I’m a bit of an Oscar Wilder groupie, and enjoy Sherlock Holmes stories, so when I came across this mashup I decided to give it a whirl.
Brandreth is very knowledgeable about Oscar Wilde. He has written biographies about Wilde and his wider circle (and other well thought of biographies as well). So, factually speaking, he knows whereof he writes.
But how is he with plotting murder mysteries, I hear you ask.
The fun Brandreth had writing this first of an ongoing series (currently six) is evident throughout. The murder mystery does play second fiddle to Brandreth’s Wilde-isms as recorded by this book’s version of a Dr Watson, Robert Sherward.
Sherward was a real person, although what sort of relationship he actually had with Wilde we cannot know. There is nothing to suggest he was ever Wilde’s assistant in the way he is used in this book. Conan Doyle was, of course, also a real person. And he is embarking on his Sherlock Holmes series at the time this first book is set. He is basing Holmes on … you guessed it! His very clever friend Oscar Wilde.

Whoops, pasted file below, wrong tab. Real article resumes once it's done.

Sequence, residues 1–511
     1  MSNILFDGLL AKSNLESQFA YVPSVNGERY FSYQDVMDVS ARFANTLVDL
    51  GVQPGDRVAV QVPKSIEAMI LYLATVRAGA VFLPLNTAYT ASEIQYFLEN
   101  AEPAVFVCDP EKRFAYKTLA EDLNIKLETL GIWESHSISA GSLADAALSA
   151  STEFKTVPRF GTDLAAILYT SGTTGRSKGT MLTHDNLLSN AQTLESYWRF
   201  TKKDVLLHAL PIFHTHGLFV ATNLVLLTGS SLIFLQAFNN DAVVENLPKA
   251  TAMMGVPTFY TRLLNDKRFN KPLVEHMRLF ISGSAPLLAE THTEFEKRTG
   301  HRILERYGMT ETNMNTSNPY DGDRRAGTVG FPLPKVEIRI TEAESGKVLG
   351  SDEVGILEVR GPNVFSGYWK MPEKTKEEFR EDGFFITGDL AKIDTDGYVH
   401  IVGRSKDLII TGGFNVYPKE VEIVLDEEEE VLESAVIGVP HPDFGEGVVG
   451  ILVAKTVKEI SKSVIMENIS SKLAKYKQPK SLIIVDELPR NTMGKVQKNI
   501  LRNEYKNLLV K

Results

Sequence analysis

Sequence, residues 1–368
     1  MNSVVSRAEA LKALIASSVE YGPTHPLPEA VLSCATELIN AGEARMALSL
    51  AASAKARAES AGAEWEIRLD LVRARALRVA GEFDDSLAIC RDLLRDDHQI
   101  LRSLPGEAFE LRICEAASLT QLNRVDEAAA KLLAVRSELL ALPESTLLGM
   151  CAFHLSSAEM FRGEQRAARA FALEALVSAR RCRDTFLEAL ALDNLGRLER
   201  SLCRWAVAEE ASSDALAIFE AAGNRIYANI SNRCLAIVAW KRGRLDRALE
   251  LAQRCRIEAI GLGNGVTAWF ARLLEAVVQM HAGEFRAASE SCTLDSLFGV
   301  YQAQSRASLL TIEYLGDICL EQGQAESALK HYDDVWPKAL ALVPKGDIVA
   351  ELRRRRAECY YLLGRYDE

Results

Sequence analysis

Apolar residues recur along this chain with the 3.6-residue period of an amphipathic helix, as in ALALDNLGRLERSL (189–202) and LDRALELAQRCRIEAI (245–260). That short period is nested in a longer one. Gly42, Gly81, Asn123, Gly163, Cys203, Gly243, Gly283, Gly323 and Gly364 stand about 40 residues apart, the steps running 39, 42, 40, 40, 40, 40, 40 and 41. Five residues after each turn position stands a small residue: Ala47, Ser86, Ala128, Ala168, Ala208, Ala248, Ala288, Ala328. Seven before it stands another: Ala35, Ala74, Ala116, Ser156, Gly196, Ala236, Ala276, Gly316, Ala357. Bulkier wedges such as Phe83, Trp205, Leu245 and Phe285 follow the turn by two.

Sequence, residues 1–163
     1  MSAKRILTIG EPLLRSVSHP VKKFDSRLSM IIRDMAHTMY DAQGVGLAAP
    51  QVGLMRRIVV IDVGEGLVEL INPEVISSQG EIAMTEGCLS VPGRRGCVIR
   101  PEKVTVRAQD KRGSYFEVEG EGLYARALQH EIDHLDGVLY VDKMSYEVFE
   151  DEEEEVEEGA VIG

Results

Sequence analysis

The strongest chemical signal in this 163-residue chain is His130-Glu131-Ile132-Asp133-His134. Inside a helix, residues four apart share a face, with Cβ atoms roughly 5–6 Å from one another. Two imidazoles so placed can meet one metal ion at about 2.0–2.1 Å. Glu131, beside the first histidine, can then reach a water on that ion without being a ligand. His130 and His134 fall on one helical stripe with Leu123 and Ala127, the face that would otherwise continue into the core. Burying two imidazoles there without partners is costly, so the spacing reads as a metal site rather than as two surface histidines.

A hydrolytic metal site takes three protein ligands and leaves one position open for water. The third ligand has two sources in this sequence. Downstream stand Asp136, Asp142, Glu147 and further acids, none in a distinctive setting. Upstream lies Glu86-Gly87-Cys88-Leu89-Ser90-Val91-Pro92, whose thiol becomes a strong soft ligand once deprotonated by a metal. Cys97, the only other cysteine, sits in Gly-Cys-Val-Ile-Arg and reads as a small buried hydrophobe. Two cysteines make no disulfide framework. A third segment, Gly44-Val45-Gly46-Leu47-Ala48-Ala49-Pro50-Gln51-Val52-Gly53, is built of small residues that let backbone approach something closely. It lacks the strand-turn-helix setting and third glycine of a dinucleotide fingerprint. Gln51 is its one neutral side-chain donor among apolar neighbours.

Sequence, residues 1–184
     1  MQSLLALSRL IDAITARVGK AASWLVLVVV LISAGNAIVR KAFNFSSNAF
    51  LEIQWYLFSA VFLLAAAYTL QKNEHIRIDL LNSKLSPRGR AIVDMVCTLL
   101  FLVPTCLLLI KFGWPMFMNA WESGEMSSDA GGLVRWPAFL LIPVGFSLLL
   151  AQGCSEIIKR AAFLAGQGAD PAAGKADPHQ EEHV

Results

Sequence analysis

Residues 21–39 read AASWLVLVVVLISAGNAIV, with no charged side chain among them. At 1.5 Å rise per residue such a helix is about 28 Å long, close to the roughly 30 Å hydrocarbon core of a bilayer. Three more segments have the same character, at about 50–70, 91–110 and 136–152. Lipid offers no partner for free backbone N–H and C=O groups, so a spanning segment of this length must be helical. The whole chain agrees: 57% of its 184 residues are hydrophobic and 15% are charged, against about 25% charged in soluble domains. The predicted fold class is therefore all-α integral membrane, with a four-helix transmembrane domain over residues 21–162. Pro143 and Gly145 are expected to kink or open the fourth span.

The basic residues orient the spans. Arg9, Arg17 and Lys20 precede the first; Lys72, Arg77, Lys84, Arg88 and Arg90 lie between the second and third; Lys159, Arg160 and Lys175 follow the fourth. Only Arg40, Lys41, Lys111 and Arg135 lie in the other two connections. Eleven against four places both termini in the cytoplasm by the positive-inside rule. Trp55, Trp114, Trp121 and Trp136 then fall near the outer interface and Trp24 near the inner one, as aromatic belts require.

The book is about Oscar Wilde through and through, despite making Wilde out to be the blueprint for Sherlock Holmes, despite the atmospheric Victorian murder mystery, Wilde is all. So if you are a fan of Oscar Wilde you are very likely to enjoy it (and the rest of the series). Even if you aren’t enormously into Victorian murder mysteries it is still fun.
I found it slightly irksome that Brandreth seems determined to attribute Wilde’s homosexuality (or perhaps dual sexuality) to a pure love of beauty, gender unspecified. He does actually use the quote about ‘the love that dare not speak its name’, the meaning of which I don’t believe is open to any other interpretation than ‘gay’ love (I use quote marks only because ‘gay’ in Victorian times was not used to mean homosexual). In order to lay down his own authorial words about the word ‘gay’ not being in vogue in Victorian society, and to look ahead to Wilde’s final three years in Paris, Brandreth freely steps through the gauzey curtain of his fiction and speaks directly on the reader. This need to unsuspend disbelief (!?) I found rather heavyhanded.
Nevertheless if you, like me, enjoy Conan Doyle’s Holmes and Watson stories, and, like me, have a weakness for Oscar Wilde you will find much to enjoy in this novel and its sequels.
At the end Brandreth gives potted biographies of the main players in his novel (all of which were real people). He also gives one of himself. These I found very helpful. They show exactly where the story has come from, and why.